Diabetes Diet: Benefits of Eating Digestive Resistant Starches

Eating foods with digestive-resistant starch (DRS) helps maintain steady blood sugar levels, and may improve insulin sensitivity.

DRS passes through the stomach and small intestine unchanged, and once in our large intestine functions much like soluble fiber. These slowly fermenting starches feed our friendly gut bacteria, increase production of beneficial short-chain fatty acids, and reduce inflammation by lowering the pH level.

Eating Resistant Starch

You may already enjoy the benefits of DRS if you regularly eat:

  • Raw potatoes.
  • Under-ripe bananas, papaya, and mango.
  • Legumes: lentils, white beans, peas, kidney beans, chickpeas.
  • Seeds, cashews, whole grains.
  • Potato starch, tapioca starch, brown rice flour.
  • Potatoes, yams and pastas that are cooked, and cooled (heating and cooling alters the chemical structure).

We can also add DRS to our diet by purchasing raw potato starch (e.g., Bob’s Red Mill Raw Potato Starch). It’s inexpensive, and a tablespoon contains about eight grams of resistant starch. Because of its unobtrusive taste potato starch can be sprinkled on many foods, added to smoothies, or mixed into a glass of water. This is a good way for low-carb dieters to get their DRS.

When using raw potato starch begin slowly, working up to one or two tablespoons per day. Taking too much right away might lead to some abdominal discomfort, and surprising flatulence. It may take at least four weeks to notice any benefit.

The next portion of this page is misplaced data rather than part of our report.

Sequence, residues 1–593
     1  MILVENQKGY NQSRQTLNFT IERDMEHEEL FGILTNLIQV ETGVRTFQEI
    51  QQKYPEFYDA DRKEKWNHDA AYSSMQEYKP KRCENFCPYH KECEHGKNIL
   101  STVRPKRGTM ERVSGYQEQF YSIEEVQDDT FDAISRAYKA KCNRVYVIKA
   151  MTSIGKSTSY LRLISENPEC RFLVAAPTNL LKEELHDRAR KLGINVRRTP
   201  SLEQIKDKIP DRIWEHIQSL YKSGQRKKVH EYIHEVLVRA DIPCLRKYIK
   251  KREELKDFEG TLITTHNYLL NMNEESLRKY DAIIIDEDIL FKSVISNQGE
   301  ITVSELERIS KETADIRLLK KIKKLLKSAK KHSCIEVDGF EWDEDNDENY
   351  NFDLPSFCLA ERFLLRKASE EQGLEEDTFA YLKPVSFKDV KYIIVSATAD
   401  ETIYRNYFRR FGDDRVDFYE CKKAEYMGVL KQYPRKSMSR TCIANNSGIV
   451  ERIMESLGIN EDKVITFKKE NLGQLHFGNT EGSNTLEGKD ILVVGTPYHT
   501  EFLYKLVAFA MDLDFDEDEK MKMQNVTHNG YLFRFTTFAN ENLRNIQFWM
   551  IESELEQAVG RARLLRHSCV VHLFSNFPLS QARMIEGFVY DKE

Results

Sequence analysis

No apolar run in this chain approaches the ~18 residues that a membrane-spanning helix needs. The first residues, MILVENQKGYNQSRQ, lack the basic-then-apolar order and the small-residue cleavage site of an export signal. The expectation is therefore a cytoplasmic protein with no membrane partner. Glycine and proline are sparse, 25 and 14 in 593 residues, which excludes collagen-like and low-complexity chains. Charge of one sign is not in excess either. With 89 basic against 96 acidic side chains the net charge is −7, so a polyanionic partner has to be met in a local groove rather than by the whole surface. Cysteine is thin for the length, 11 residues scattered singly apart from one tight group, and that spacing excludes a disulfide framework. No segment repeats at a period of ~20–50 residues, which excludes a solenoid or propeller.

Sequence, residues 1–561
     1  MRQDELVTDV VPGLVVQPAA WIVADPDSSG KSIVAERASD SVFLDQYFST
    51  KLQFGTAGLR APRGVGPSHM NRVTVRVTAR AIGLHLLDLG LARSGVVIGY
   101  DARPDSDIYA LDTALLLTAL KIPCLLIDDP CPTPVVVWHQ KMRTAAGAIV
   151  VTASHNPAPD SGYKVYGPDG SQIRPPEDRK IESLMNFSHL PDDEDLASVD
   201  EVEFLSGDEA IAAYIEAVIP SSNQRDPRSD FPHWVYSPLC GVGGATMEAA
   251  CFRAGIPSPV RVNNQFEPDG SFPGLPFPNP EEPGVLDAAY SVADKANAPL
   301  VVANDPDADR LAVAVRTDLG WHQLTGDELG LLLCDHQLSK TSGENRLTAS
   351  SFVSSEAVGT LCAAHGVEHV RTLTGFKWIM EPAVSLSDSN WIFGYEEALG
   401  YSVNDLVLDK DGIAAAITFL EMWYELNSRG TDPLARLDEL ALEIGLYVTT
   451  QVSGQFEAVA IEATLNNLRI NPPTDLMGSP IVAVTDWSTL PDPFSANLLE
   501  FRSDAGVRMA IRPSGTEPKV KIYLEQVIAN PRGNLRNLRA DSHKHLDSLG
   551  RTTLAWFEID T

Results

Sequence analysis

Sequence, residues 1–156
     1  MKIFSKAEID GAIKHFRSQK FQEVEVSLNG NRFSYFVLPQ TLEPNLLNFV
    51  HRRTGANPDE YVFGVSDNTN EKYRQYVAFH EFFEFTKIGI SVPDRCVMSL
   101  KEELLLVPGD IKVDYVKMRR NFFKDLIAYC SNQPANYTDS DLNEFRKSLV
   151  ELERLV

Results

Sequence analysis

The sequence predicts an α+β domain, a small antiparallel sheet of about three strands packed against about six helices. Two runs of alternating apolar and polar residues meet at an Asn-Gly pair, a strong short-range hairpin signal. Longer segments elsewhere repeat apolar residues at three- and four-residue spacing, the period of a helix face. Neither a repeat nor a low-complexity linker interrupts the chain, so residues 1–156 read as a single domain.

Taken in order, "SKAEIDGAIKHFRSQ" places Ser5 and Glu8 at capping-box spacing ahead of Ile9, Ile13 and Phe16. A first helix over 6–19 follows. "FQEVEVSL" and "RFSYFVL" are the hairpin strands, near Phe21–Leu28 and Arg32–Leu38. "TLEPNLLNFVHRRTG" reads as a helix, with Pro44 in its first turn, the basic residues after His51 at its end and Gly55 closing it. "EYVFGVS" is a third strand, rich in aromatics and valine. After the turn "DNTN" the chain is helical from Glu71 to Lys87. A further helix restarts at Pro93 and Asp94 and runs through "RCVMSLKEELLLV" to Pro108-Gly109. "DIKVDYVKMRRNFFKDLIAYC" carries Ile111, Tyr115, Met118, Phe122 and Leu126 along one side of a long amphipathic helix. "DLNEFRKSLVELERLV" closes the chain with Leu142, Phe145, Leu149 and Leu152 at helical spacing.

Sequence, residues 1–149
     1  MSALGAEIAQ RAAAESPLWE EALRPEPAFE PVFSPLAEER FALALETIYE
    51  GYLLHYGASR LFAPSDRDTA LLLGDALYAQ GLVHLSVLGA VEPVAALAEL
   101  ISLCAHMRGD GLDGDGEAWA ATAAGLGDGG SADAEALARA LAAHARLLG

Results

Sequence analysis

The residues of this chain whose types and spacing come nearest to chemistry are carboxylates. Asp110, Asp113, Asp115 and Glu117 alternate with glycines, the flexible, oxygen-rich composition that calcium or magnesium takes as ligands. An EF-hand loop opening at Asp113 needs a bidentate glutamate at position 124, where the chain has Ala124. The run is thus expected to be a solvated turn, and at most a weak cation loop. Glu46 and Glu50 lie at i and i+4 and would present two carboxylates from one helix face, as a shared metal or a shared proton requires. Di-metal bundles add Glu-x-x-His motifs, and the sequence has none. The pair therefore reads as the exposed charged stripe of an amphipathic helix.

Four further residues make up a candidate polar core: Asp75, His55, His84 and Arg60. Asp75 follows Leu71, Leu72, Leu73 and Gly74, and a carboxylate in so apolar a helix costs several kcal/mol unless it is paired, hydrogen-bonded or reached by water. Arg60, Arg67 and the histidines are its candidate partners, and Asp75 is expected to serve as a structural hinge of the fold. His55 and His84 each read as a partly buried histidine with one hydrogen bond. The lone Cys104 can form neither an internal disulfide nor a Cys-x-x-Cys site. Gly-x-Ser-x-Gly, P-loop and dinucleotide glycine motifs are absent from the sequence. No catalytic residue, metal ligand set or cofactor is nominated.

Those on a prescribed diet should talk to their doctor or dietitian before imbibing supplemental potato starch.

DRS Benefits for Diabetes

Beside the digestive perks of consuming resistant starch, there may be metabolic benefits helpful for those with pre- or type 2 diabetes:

  • Several studies indicate that DRS effectively lowers post-meal blood sugar levels. Plus, resistant starch has a “second meal effect,” so if you eat it at breakfast it will help minimize blood sugar spikes at lunch.
  • Research suggests consuming 15 to 30 grams of DRS per day, over four weeks, may lead to a 33 to 50 percent insulin sensitivity improvement (reduced insulin resistance).
  • Since resistant starch is not digested and absorbed into the body it gives us fewer calories per gram, so eating more of these foods might help people move past a weight loss plateau. (A hundred grams of food with resistant starch provides about 200 calories; 100 grams of digestible starch is 400 calories.)
  • Maybe more significant for weight loss is the DRS satiety factor. Eating resistant starch increases our sensation of fullness, helping us avoid overeating, or unplanned snacking.

Because every body is different, and because a few research results do not make something true for everyone, outcomes of having more dietary DRS will vary. However, many foods containing resistant starch are easily incorporated into a healthy diet. We can enjoy their proven gut nourishing benefits even while remaining hopeful, or skeptical, about other DRS advantages.

Sources: Authority Nutrition; Mercola; Precision Nutrition
Photo credit: rusvaplauke

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